Library Basics — Membership

Are Libraries Getting the Business Basics Wrong?

Jane Cowell


At the end of 2022 I was struck by the question posed by Gabrielle Dolan business storyteller in her final blog post of the year.

‘Are we getting the basics right or wrong?’

It got me thinking about libraries and how often we can get the basics wrong due to an abundance of caution and an assumption that the status quo from the past 40 years is still relevant.

Let’s think about library membership.

Totally a business basic for libraries around the world. And judging by the figures nationally and internationally library membership is declining. Library membership is required to borrow our physical and digital collections and sometimes to use the library WiFi.

Of course we want to sign up members who are local, who can attend our library programs, borrow from our physical & digital collections, and ensure our physical libraries are a vibrant hub of people. So we may think verifying addresses with staff oversight is a basic requirement to meet this aim. Which results in every new member being forced to enter a physical library and interact with a staff member to sign up to be a member — in 2023! And we need more library members to join to add to our advocacy efforts for continued sustainable funding.

Let’s tip this library membership view to the viewpoint from a potential new community member.

I want to join and I want it to be easy. I may only want a taster of the library to see if the library is actually for me personally. In this case the basics of joining I would be looking for is:

  • an online form, with an automatic check of my address to verify it and
  • an option to signup to the eNews to find out what is happening (which might entice me to the physical building).
  • And of course, I want immediate access to the digital library and physical library catalogue. Because the physical collection might also entice me to the physical library. I also do not want a physical library card — I want it to go into my digital wallet so that I only have to carry my phone.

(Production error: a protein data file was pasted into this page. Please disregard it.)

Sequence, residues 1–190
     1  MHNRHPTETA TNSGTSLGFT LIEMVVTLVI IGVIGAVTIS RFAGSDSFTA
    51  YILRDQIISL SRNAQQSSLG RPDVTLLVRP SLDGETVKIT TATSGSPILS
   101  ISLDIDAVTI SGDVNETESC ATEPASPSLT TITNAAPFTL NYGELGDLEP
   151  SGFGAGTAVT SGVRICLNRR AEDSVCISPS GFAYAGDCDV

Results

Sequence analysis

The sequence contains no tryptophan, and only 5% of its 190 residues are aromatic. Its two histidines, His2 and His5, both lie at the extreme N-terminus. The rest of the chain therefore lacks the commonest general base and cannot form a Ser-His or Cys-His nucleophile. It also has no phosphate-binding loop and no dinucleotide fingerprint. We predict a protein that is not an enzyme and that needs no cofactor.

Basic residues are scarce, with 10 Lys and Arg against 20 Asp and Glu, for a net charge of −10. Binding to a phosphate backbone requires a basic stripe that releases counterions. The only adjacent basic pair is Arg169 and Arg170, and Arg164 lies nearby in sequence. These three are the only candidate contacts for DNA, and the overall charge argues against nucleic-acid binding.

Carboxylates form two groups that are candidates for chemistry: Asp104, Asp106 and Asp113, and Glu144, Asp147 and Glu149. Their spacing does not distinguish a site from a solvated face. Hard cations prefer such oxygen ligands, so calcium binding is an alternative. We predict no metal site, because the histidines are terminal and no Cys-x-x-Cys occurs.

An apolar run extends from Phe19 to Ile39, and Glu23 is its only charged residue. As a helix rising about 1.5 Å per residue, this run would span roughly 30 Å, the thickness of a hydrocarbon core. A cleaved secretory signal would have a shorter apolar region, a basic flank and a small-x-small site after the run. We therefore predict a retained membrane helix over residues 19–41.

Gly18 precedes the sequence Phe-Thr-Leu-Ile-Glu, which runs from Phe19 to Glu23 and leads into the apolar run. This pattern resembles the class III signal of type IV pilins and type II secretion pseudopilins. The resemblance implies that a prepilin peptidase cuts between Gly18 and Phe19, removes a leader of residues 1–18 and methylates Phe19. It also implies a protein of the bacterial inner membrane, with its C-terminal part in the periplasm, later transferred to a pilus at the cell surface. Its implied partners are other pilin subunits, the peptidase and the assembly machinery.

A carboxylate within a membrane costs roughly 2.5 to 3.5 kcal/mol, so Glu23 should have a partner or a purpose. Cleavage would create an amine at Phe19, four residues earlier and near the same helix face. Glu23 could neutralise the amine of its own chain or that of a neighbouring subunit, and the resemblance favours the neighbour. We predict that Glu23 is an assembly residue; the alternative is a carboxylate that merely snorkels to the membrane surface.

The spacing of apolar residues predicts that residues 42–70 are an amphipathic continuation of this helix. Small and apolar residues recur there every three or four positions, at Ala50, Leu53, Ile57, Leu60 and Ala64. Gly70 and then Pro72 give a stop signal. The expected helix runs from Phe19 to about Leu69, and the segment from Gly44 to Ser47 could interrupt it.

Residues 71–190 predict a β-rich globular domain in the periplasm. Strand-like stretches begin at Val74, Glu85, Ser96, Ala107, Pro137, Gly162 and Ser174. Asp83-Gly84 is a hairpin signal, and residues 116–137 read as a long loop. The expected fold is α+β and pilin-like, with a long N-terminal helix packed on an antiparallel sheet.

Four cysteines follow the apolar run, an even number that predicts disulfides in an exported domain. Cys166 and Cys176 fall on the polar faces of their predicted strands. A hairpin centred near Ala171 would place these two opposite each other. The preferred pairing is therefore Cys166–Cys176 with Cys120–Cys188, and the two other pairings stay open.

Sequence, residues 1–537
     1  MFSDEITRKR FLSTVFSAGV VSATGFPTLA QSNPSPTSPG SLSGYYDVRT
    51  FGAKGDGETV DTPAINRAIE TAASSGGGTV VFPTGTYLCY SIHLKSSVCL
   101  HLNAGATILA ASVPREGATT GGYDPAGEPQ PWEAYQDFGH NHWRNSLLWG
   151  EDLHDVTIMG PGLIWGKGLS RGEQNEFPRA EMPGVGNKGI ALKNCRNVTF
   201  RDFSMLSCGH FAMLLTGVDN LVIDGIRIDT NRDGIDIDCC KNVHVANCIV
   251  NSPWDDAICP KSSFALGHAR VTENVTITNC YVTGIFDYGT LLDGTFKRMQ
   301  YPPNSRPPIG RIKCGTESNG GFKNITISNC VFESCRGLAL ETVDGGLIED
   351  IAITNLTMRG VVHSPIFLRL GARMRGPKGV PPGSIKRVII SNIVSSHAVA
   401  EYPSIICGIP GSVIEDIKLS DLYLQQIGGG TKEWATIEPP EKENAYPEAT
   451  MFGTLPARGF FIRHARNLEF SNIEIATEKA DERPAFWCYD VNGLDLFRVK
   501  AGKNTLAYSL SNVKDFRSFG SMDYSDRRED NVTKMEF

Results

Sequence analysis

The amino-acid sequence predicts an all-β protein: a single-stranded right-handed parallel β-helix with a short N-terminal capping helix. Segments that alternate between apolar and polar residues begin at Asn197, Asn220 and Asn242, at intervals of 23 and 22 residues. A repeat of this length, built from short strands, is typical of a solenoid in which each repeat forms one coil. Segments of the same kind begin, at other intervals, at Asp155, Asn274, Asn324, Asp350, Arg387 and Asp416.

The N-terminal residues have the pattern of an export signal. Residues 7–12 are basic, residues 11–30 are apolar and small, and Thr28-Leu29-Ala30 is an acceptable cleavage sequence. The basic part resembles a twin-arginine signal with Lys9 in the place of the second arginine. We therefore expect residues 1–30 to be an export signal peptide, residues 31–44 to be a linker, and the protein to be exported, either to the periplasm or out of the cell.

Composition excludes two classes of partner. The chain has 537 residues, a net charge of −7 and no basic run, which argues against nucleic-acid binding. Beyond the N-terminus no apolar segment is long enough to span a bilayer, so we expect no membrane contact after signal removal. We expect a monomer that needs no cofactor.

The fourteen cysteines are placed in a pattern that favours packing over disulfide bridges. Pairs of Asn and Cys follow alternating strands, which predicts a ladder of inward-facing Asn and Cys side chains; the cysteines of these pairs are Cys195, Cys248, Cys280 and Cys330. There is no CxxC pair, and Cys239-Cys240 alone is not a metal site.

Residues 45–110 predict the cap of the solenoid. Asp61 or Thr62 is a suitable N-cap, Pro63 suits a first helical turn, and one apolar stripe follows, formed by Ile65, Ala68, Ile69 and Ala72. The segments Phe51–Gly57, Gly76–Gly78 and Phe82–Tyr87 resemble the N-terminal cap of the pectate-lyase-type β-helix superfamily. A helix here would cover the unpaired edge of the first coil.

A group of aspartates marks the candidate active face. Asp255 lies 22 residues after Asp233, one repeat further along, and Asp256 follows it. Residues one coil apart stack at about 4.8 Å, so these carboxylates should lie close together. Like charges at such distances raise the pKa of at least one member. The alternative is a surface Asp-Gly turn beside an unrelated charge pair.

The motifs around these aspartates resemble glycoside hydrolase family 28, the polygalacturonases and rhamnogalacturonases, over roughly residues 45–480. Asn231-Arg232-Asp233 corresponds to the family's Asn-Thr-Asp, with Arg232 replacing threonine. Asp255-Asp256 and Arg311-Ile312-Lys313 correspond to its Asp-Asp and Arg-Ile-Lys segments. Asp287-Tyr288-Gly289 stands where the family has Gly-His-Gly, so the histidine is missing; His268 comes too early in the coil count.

Is this a basic quick change libraries can make? — even if the membership is a 3 month digital only membership due to our governing body rules. Our marketing efforts for new library members would be on encouraging them to sign up permanently by coming into a branch to participate in the innovative program on offer.

Could we offer a temporary membership for overseas visitors with a visa? This option was especially important for the communities my library serves. Overseas based grandparents would come for an 8–12 month stay supporting their family who lived locally and they were then able to access our language other than english collections while they were here.

Innovative libraries around the world are also building in other benefits to having a library card. A Library card can allow a number of visits to the Art Gallery, the Museum or other cultural institutions — supporting both with visitors and another reason to join. What else could we build into Library Membership that increases the “cache” of being a library member?

Of course, we will not always get it right.

So we need to be prepared to adjust and try something else. This test, try and learn approach will help us work with our community members and policy makers to find the best outcome that works with our legal contractual requirements for our digital libraries, our governing organisations and our community members— and some will love it and others will not. And you know what? That’s okay too.

Photo by Jon Tyson on Unsplash



Jane Cowell

Librarian, interested in libraries, digital disruption, startups, Australian politics